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Spiritual matters

Jesus brings peace to a world in conflict

April 06, 2011 - Our Lenten worships are following Old Testament situations and New Testament applications. This past week we looked at conflict and promise.

Conflict is not something we necessarily like, but it is necessary for growth.

Too much conflict is not a good thing, it can destroy relationships. Sin causes conflict, leads to the destruction of God's plan for man and man's ability to follow where God leads.

Disagreements, however, can bring new ideas that allow for discussion and can work productively.

Promise brings us hope and anticipation, often with an element of excitement that shows future possibilities to those involved.

Abraham was given a promise by God: he would be given a son, the legacy of a nation and the forerunner of the Messiah.

Impatient with God's time, Sarah, his barren wife, took matters into her own hands, telling Abraham to have a child with her maidservant, Hagar. Ishmael's birth creates conflict between Sarah and Hagar. Isaac, Sarah's son born later, became the child of promise fulfilled by God.

Jesus' birth is also filled with conflict and promise. It was difficult for Joseph who felts Mary was unfaithful to him and God. He loved her and determined to divorce her quietly, to not bring public disgrace upon her.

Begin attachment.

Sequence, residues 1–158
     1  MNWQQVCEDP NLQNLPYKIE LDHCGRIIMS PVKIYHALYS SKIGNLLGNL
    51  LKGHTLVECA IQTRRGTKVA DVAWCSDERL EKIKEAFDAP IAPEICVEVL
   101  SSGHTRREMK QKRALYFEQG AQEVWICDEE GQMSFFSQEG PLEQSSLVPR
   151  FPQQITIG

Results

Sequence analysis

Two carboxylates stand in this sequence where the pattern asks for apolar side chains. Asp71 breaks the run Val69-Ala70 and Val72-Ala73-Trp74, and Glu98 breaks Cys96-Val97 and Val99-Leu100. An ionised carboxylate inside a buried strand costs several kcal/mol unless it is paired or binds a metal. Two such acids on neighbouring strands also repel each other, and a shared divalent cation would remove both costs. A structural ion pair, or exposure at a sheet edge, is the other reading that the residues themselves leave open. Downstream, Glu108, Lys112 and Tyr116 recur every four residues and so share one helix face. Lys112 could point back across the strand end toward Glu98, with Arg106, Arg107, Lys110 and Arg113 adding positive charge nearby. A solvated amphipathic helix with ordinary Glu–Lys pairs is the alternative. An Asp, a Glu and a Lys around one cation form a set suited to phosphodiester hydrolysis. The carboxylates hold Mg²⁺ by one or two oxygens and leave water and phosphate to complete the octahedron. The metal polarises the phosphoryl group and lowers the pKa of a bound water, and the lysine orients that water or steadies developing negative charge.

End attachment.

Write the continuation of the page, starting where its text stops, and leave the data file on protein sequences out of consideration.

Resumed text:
Mary was faithful to God and Joseph but was also in conflict. An angel told her she would bear son.

How could this happen? The Holy Spirit would come upon this faithful maidservant of the Lord.

Do you hear the great message of hope given by the angel? Joseph was told that Mary had not been unfaithful to him or God, but was faithful as she followed God's will and guidance. She was carrying a far-above extraordinary Son—God's own Son. The promise to Abraham fulfilled in a child, the Messiah to be born.

Jesus faced conflict. Early in His ministry He had conflicts with the religious leaders because He did not fit their traditions. Conflict cost Jesus His life on the cross, where He died for all sins. The only Son of God was not spared, the final sacrifice.

Isaac would reign over a clan that included David and Jesus. That Kingdom would end. Jesus rules over all creation, a clan that includes all true believers in Him.

Romans 10 reminds us: 8But what does it say? "The word is near you, in your mouth and in your heart" (that is, the word of faith that we proclaim); 9because, if you confess with your mouth that Jesus is Lord and believe in your heart that God raised him from the dead, you will be saved. 10For with the heart one believes and is justified, and with the mouth one confesses and is saved. 13For "everyone who calls on the name of the Lord will be saved."

Isaac, a child of Law, shows the conflict between God and man; Jesus the Child of Promise, shows the peace He brings between God and man.

The Rev. Kendall Schaeffer is pastor of St. Trinity Lutheran Church.

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